Sub-sub-field accepting bloc

Jan 06 2015 Published by under Careers

I have been on the editorial board of a middling journal (IF ~4) for some years now. I get sent a lot of the manuscripts that are in my sub-sub-field. My job is to obtain reviews and make a decision as to the fate of each of these manuscripts. It's become apparent to me that there is a group of reviewers who all display the same phenotype when it comes to their reviews. They all i) are quick to agree to review manuscripts in our common sub-sub-field, ii) submit their reviews on time, and iii) will recommend acceptance or minor revisions for all manuscripts. All.

This journal rejects ~70% of all submissions.* ~40% are desk rejects so ~50% of all manuscripts sent out for review are rejected.

Odd, yes?

Did I mention that this bloc of reviewers are all strongly linked to one particular well-known member of our sub-sub-field? Former trainees, co-authors etc. Given that pretty much none of the manuscripts they've reviewed for me in the past have authors from within the group, I doubt this is a organized ring of shady reviewers. In fact, having interacted with some of them I suspect this is more a misguided** attempt to raise the profile of the sub-sub-field promoted by Dr. Well-Known.

I don't use these reviewers anymore.



* Yes, there really is that much crap being submitted even to middling journals.

** "Misguided" is somewhat euphemistic.

12 responses so far

  • dr24hours says:

    You think this is a semi-organized attempt to raise the profile of a sub field regardless of paper quality? How would that do it? By giving it a reputation for having a bunch of garbage published?

  • qaz says:

    Do they demand citations for Dr. Well-Known? Is this a misguided** attempt to get Dr. Well-Known (and progeny) increased citation counts?

    • odyssey says:

      Nope. And since he has an h-index well north of 70 I'm not sure he would care.

      • drugmonkey says:

        And since he has an h-index well north of 70 I'm not sure he would care.

        Of course he cares. More importantly, the Disciples-of-WK care about their h-indices. And a rising citation tide lifts all h-indices you know....

  • drugmonkey says:

    Odd, yes?

    Submitting on time? Yes, definitely suspicious.

  • So why invite these reviewers? I know it isn't always possible to avoid, particularly in subfields where everybody knows everybody else, but I try to avoid inviting reviewers that have a connection with the authors on the manuscript, whether it is a former student/postdoc (or in cases where I know it, a former student/postdoc of the arch rival of one of the authors).

    Technically, most journals only consider reviewers as having a conflict if they have co-written a paper with one of the authors in the last few years or so, but I think the mentor/mentee bond can last a lifetime in some cases.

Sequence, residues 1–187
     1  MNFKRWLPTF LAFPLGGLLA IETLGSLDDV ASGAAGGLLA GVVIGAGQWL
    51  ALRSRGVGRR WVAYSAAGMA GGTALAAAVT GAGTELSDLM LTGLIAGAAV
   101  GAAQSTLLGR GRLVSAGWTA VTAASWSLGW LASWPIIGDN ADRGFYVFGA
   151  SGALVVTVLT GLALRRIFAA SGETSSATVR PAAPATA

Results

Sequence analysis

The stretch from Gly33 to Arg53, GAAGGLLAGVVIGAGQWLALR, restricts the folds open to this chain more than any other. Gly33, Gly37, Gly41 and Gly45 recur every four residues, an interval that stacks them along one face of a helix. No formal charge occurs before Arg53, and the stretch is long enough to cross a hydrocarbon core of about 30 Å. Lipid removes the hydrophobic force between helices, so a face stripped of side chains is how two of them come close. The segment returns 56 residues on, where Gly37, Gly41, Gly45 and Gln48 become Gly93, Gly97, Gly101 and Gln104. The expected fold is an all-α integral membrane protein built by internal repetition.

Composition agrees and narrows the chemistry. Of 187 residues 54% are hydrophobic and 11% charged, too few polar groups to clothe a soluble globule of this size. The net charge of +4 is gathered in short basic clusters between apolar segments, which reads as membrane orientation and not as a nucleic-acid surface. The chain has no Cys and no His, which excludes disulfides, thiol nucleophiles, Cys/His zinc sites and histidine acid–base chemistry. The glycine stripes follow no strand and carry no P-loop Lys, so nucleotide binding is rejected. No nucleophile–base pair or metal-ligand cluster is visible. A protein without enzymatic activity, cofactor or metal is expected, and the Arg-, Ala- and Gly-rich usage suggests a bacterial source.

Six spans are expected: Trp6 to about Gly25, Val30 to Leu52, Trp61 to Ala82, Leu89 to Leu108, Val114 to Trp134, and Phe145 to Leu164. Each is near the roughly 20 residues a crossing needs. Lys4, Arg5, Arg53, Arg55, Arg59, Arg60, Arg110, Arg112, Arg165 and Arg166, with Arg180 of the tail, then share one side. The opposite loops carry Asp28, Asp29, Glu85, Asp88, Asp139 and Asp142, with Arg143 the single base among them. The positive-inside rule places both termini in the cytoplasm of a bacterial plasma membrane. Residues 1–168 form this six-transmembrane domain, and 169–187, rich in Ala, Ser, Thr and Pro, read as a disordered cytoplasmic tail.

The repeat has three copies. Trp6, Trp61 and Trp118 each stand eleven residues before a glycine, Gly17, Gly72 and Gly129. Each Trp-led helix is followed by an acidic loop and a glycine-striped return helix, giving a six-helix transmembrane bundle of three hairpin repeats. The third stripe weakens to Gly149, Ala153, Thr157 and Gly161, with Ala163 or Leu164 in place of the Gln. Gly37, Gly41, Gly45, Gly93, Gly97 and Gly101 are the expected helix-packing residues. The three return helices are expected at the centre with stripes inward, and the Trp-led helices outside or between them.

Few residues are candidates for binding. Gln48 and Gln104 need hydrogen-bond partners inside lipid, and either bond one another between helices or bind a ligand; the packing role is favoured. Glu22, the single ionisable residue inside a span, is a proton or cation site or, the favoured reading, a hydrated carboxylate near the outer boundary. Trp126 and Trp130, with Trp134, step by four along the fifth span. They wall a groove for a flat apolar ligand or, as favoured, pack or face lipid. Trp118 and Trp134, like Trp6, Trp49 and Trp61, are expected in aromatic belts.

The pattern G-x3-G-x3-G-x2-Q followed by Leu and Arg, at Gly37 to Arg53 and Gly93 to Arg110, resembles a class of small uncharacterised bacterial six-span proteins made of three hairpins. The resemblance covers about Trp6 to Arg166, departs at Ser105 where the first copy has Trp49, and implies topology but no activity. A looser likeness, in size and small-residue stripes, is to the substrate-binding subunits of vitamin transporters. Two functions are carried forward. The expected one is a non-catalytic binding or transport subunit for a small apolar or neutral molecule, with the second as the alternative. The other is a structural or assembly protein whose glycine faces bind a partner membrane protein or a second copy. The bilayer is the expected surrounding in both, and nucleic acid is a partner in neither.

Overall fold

• Odyssey says:

    Ummm, guys, I think some of you have missed this line:

    "Given that pretty much none of the manuscripts they've reviewed for me in the past have authors from within the group,"

  • E rook says:

    I'm tempted sometimes to ask for feedback from editors. (As a reviewer) I get invited to review for very low IF journals, and generally give authors the benefit of the doubt because I can tell the authors went way down the food chain to get where they are. So I only recommend reject if appears to be outright lies, nonsense, or lacking any controls. I will recommend copious revisions as if I were guiding a student or undergrad in a senior thesis. It seems like more work than reviewers, but it keeps total garbage from the literature while allowing obscure or low import things in. The other reviewers seem to just say things like, "add the following caveats & weaknesses to Discussion, and gtg" I've even gone so far as using the summary statistics reported to make charts showing the data are weaker than the conclusion lets on, but otherwise, the authors aren't lying, and let the editor decide whether to put weak data in their (low status already) journal. It's also why I get angry if a particular paper would have obviously been better if the senior author (who I know) had spent an hour with the ms before letting the grad student/PD submit. They are implicitly getting free labor from me in mentoring their trainees using the inefficient peer review system.

  • Rheophile says:

    I think the dynamic E rook mentions is pretty important. Maybe this isn't one group pushing a subsubfield, but one group who has decided fixing other people's papers in the review process is a waste of time, but that rejecting them isn't the best outcome either. For low-impact journals, I feel like people may culturally be moving toward this norm, where journals are essentially preprint servers.